Marked essays will be returned by your Tutor in the Tutorials. Late Submissions: Work submitted after the due date without a formal extension or application for Special Consideration will be treated as follows: •A 5% penalty applies for the first day of the missed deadline. •A subsequent penalty of 2% per day will be applied for the next 13 calendar days after the due date (including Saturdays and Sundays). •No assignment can be accepted after more than fourteen calendar days except in exceptional circumstances and in consultation with your lecturer or tutor. 2 Day Extensions

Students must register a request via e-mail to their unit coordinator (copy it to their Tutor) before the assignment deadline and tick an ‘extension’ box on the cover-sheet of their assignment. Eligibility Students may be granted a 2 day extension for reasons which would not require any documentation: •short-term illness, •clashing deadlines, •unforeseen employment obligations, or family circumstances. Other Extensions: All requests for an extension of an assessment deadline must be submitted to the unit co-ordinator. Requests must be received BEFORE the due date of the assessment.

Extensions will normally only be granted to students who can support their request with appropriate documentation. The undertaking of regular paid work does NOT in itself constitute adequate grounds for the granting of extensions. It is the duty of students to contact unit co-ordinator in adequate time for a response and to forward all supporting documentation. The student should have their coversheet signed and dated by the unit co-ordinator and then attach it to their submission. Alternatively, the co-ordinator may approve the extension through email, a copy of which should be attached to the essay.

You DO NOT have an extension until the coversheet has been signed and dated by the unit co-ordinator or approved via email. Essay Writing: Essay writing and oral presentations will be a component of your professional working life, whatever field you choose. Writing for the workplace requires skills in using both formal and technical language, logical and analytical thinking, and good research techniques. It’s wise to gain those skills now. Organise your work logically. Prepare an outline or plan before you begin. Make sure that there is a flow between paragraphs, with a clear connection between one idea and the next.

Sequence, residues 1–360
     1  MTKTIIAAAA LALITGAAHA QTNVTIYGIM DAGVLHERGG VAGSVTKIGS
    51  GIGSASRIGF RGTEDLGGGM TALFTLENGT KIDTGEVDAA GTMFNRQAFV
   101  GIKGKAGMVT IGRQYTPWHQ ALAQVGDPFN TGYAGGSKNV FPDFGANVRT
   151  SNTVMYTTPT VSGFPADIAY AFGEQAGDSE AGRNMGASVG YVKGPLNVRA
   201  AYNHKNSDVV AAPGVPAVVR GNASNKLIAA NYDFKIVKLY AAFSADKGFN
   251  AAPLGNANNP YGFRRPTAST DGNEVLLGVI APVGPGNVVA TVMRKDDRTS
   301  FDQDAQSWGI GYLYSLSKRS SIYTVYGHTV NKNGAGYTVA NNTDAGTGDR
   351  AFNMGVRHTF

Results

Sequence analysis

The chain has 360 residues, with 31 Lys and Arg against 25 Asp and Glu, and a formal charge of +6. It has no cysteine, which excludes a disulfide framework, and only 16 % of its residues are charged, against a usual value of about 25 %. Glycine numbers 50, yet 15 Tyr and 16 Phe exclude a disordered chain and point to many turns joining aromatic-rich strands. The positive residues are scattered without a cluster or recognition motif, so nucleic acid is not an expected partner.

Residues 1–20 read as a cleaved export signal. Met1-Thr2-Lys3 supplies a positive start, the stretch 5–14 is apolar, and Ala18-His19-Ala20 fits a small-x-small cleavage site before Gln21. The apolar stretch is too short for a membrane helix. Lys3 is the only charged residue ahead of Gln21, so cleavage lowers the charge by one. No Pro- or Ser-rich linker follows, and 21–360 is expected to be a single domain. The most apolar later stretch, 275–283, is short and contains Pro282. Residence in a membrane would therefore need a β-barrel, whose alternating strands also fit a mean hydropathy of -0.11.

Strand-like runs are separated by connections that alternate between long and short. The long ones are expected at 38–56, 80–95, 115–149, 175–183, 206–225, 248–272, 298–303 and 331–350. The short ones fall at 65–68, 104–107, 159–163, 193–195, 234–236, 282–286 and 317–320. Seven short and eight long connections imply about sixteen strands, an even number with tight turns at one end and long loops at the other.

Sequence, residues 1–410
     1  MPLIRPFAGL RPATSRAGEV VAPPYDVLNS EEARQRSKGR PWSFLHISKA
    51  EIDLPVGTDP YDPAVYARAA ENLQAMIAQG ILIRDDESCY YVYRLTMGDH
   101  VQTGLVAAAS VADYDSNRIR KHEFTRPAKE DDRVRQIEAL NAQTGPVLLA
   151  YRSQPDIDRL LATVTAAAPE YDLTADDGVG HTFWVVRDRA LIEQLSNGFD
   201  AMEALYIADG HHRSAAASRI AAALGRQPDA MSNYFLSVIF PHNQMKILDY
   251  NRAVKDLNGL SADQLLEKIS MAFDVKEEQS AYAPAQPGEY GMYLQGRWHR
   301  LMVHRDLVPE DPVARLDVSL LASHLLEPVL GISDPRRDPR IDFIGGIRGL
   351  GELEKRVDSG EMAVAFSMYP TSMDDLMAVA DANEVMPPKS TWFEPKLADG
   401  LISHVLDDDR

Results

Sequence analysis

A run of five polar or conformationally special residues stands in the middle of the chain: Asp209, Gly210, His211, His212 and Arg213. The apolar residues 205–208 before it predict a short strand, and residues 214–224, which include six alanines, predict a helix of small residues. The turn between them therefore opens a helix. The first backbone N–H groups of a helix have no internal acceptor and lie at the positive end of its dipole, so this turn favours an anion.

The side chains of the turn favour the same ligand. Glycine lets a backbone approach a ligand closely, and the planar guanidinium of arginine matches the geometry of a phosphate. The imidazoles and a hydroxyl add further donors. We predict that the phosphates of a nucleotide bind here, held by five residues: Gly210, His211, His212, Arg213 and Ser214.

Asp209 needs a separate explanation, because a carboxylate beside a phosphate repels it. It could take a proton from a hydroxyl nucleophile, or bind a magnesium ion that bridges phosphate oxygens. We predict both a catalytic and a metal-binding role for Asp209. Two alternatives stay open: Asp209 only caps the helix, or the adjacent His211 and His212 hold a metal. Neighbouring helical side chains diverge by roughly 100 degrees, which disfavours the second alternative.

Do not use subheadings for such short essays. If in doubt, talk to your tutor. Each essay should be clear, logical and use evidence or examples to support the points made. Material used should be correctly referenced and a list of references included at the end. Essays will be assessed for grammar, expression, clarity of argument, use of evidence and proper referencing. Use Australian examples where possible. Preparing a well-argued, well-researched essay requires serious reflection about the question. In this task, consult relevant academic references, not simply internet information-based websites.

Start with the set reading, and then use your library search skills to find additional material. Useful references and research sites are listed on pages 15-16 of this subject guide. Writing improves with practice. It also improves with reading. Learn to take good notes while reading source material – another important skill to accomplish at this stage. Underline or highlight any photocopied or downloaded material. As far as possible use recent texts and take care to note the exact reference and page numbers as you are required to reproduce them correctly in assignments.